If you read the headlines in the news lately — “Greenhouse Gas Emissions From Plastics Are Predicted to Rise,” “New Texas petrochemical projects add millions of tons of greenhouse gas pollution, report finds” — you’d think emissions from the petrochemical industry were getting worse.
Rosemount, Minn. – The flame at the top of a 400-foot stack here at the Flint Hills Resources' Pine Bend refinery used to burn so brightly and so consistently that some say it was used to train pilots to land planes at the Minneapolis-St. Paul Airport.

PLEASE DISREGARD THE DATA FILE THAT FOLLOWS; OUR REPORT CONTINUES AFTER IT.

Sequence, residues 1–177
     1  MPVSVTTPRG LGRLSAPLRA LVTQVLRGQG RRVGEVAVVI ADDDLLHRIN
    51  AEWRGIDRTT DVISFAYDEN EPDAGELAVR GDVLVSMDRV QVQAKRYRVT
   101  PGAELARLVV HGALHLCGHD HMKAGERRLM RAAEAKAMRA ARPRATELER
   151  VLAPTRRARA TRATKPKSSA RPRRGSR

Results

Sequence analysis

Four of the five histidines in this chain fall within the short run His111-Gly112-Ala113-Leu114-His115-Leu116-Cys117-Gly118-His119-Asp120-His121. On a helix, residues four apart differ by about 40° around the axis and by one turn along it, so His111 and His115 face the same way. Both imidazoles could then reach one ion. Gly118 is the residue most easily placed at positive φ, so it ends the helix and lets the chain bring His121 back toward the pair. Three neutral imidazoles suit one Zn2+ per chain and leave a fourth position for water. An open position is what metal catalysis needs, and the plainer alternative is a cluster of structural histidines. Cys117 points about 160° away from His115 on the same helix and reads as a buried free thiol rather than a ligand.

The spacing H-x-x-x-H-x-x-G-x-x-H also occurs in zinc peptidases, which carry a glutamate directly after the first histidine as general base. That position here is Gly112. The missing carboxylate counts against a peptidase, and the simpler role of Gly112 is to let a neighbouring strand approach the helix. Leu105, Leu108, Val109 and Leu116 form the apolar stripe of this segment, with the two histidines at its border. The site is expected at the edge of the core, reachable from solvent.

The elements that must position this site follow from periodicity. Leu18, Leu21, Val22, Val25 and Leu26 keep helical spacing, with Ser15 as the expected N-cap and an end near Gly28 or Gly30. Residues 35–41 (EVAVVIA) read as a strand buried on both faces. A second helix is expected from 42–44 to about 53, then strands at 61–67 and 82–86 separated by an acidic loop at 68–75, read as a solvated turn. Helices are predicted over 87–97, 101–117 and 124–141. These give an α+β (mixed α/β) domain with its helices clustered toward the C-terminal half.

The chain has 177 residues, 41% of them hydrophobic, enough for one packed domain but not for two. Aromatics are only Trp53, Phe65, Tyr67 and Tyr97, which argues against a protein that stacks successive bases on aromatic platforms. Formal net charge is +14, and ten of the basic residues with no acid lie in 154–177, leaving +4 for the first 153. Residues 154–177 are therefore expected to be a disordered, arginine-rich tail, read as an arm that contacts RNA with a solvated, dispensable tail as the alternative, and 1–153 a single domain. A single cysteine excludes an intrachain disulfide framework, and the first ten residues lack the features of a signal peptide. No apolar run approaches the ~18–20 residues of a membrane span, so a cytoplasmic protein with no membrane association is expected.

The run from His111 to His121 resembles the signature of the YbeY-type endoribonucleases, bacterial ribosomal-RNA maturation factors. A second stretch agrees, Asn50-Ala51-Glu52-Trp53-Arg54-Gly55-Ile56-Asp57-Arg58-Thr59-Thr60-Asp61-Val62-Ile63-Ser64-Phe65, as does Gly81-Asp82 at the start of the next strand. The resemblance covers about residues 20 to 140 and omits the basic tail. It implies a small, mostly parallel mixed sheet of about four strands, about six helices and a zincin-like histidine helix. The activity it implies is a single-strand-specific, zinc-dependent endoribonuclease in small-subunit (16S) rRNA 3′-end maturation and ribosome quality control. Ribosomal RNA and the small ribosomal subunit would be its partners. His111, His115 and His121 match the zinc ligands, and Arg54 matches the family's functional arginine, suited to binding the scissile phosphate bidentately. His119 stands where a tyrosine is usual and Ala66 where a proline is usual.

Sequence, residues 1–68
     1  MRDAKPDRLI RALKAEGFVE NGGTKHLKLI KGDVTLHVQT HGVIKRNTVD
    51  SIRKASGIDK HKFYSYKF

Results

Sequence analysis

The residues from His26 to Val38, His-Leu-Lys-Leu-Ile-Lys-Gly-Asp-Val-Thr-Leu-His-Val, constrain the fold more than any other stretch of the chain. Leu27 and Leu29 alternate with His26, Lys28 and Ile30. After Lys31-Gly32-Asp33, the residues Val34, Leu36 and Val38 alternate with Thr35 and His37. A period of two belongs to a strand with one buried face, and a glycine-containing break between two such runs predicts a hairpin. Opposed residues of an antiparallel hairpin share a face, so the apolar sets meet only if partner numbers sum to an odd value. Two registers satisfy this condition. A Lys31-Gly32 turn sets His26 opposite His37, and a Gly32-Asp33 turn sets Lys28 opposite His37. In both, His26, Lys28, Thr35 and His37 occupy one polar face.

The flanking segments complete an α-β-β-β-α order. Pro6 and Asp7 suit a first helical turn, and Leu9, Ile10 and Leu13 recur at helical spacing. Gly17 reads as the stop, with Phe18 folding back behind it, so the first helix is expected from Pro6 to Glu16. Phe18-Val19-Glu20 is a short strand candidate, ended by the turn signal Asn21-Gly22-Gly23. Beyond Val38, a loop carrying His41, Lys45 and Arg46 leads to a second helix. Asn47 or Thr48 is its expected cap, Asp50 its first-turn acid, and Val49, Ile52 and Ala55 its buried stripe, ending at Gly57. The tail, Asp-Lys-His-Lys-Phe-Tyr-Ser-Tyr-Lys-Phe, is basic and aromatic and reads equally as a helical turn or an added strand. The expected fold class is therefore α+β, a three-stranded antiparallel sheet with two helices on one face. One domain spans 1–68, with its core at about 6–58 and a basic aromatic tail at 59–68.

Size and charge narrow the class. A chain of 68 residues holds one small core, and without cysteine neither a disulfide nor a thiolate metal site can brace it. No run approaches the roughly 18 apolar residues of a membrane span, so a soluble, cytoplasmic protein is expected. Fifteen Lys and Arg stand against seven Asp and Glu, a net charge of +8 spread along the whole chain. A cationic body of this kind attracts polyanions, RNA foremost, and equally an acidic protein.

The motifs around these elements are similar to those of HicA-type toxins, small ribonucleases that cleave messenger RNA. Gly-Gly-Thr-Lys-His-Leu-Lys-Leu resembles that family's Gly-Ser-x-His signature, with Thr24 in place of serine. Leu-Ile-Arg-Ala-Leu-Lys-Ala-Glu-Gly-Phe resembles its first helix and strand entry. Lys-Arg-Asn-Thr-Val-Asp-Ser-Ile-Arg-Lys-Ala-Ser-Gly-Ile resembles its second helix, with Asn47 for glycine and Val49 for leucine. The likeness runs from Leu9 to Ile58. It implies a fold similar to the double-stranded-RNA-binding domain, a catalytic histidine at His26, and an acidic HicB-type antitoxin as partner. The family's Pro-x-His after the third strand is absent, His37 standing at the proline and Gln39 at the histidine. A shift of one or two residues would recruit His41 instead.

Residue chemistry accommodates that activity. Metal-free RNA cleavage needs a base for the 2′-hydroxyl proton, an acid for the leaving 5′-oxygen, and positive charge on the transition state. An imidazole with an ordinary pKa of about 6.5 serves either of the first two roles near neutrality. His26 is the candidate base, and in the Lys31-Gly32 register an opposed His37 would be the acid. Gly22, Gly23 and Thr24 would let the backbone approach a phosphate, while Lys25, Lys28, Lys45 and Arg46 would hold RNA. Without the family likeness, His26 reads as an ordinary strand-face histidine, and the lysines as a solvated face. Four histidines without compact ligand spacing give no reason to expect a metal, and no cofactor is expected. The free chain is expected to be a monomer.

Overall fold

Despite opposition from thousands of elected officials, state agencies, businesses, community groups and other stakeholders, EPA pressed ahead with its tighter ozone standards from 75 parts per billion (ppb) to 70 ppb on October 1st last year - a move that is expected to cost $1.4 billion annually and provide little economic benefit.
The Energy Information Administration today released figures that give everyone in the industry reason to cheer: U.S.
Boo! Were you scared? (I didn’t think so.) Maybe this will scare you. The United States Department of Energy has pointed its long creepy finger at pumpkins (ooooh…) as a source of methane, a greenhouse gas that has a greater heat-trapping effect than CO2.